The axiom “Quality, not quantity” has been adopted by everyone from stock pickers to those trying to successfully navigate the online dating scene. Now cybercriminals are also putting this philosophy to practice.
The fundamental shift away from mass spam attacks to more targeted threats with potentially bigger payoffs is top of mind to me. This trend is detailed in a new report by Cisco’s Security Intelligence Operation (SIO).
Specifically on the issue of spam, Cisco’s research reveals that mass spam volumes dropped from 300 billion daily spam messages to 40 billion between June 2010 and June 2011. Although 40 billion is still a huge number, signifying that spam is still an issue, the trend that’s most alarming is the threefold increase in spearphishing and the fourfold increase in personalized scams and malicious attacks such as malware.
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Tags: advanced persistent threats, APT, cybercrime, security, security top of mind, spam, targeted attacks
Virtualization provides extraordinary benefits to organizations of all sizes. By moving multiple workloads into one physical server, companies have been able to optimize the usage of their data center infrastructure, minimize procurement and operational costs, and increase the overall efficiency of their operations. The growing number of organizations migrating mission-critical workloads to virtual environments has created a critical need to evolve infrastructure security to include these hybrid environments.
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The hacker group Anonymous has been in the news recently for a variety of reasons, including WikiLeaks, the HBGary breach, and other things. One recent item was a relatively high-profile defection from the organization, the departure of SparkyBlaze for a variety of reasons, including being “fed up with anon putting people’s data online and then claiming to be the big heroes.”
I run the @CiscoSecurity Twitter feed, so I spend a lot of time on Twitter, and saw that @SparkyBlaze was an active user, so I pinged him with a DM in an effort to get his side of the story. I also wanted to get a glimpse into things on the other side – it is probably in the best interest of everyone in the security industry to have a better understanding of Anonymous and others in the underground hacker community. While the human factors were of some interest, I was also really curious about his take on the state of corporate security and wanted to see what he had in the way of concrete recommendations for organizations wanting to prevent breaches and break-ins.
Some might ask, are we giving an illegal hacker a platform? I would say, no. Sparky himself says it very clearly: “Stay away from black hat hacking. White hat hacking is a lot more fun, you get paid for it, it is legal. A conviction for hacking and leaking a database will affect you for the rest of your life.”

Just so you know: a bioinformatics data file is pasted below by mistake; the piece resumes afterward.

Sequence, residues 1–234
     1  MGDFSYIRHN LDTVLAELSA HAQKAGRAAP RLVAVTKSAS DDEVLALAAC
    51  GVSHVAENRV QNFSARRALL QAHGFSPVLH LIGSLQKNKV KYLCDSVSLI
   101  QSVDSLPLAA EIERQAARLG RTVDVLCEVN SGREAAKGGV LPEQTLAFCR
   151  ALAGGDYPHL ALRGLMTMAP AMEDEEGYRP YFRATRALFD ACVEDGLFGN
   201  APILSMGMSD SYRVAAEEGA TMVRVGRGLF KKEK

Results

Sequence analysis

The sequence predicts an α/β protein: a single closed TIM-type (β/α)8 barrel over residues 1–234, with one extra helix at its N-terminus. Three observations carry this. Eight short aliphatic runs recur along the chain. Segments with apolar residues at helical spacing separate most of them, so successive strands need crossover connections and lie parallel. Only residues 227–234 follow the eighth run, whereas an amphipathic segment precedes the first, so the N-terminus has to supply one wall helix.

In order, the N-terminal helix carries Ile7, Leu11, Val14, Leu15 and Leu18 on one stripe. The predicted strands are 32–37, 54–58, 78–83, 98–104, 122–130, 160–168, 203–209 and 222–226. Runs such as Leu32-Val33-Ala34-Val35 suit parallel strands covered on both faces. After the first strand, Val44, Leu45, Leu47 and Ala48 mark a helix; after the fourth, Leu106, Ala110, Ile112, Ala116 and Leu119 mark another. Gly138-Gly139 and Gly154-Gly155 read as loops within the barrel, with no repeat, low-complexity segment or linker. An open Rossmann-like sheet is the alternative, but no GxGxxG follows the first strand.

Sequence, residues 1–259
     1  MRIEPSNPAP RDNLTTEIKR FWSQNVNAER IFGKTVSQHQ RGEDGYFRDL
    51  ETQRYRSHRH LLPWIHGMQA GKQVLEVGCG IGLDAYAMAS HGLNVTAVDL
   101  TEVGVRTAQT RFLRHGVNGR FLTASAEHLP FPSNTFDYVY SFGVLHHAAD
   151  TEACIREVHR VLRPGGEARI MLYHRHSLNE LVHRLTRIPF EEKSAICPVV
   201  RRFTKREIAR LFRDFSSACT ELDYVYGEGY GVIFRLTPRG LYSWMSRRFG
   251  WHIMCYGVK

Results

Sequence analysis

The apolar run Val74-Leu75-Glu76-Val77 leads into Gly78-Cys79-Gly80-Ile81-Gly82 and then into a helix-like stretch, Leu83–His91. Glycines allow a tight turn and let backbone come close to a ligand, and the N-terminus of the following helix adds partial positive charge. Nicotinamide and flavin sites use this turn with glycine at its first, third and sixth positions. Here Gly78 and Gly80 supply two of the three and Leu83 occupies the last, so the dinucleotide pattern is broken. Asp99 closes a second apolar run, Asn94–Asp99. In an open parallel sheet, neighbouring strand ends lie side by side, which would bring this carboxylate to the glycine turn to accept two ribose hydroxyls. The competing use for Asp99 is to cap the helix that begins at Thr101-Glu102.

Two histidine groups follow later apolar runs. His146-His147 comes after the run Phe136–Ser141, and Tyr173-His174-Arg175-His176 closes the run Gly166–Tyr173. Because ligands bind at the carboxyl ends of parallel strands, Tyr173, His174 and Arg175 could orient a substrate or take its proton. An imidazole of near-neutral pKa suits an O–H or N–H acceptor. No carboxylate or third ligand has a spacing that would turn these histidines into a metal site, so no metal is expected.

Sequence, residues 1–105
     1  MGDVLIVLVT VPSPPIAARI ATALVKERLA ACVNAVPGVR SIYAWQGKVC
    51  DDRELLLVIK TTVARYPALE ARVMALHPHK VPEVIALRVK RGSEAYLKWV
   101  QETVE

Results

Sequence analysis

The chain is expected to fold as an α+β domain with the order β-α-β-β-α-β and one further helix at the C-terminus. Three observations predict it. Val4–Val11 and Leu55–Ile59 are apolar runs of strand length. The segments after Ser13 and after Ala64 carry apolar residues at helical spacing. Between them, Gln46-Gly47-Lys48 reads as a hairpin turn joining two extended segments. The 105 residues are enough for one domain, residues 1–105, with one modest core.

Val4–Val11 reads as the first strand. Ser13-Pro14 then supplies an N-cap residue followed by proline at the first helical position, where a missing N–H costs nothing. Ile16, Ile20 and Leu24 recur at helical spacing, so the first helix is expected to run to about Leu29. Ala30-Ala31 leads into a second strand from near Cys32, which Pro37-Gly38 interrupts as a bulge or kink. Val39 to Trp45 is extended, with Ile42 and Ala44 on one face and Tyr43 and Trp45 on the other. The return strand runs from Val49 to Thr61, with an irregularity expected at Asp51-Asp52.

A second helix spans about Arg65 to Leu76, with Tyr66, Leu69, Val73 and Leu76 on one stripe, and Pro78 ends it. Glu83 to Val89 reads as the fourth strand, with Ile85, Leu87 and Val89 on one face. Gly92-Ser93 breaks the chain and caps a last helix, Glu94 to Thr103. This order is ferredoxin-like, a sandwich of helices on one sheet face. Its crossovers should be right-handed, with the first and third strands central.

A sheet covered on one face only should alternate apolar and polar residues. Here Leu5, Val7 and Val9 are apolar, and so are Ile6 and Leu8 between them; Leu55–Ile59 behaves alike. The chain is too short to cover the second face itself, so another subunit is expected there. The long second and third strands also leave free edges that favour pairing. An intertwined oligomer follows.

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Recently sample code was posted publicly that exploits a denial of service vulnerability in the Apache HTTP Server. This particular vulnerability is receiving considerable industry attention given the popularity of Apache httpd and amid reports that exploitation has been seen in the wild. This vulnerability has been assigned CVE ID CVE-2011-3192 and currently scores a 7.8/6.3 using CVSS.
By combining inefficiencies inside the web server software with a protocol design peculiarity, an attacker could consume substantial server CPU and memory by issuing requests that contain many overlapping Range or Request-Range values. Successful exploitation would consume server resources to the point of starving those needed to field legitimate requests from other users.
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This blog was originally published here.
I recently had the good fortune of having dinner with the chief security officers (CSOs) from five major healthcare providers. The CSOs weren’t shy about what was plaguing them.
The biggest headache? Managing consumer devices. Doctors love their iPads and want to use them for work. (It must be the form factor-a next-gen version of the metal-covered chart ubiquitous on medical drama TV shows.) The real life numbers tell the same story. According to Manhattan Research, a healthcare market research firm, just one year after the iPad hit the market, 30 percent of U.S. physicians had adopted the device and an additional 28 percent plan to purchase an iPad within the next six months.
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Tags: mobile security, security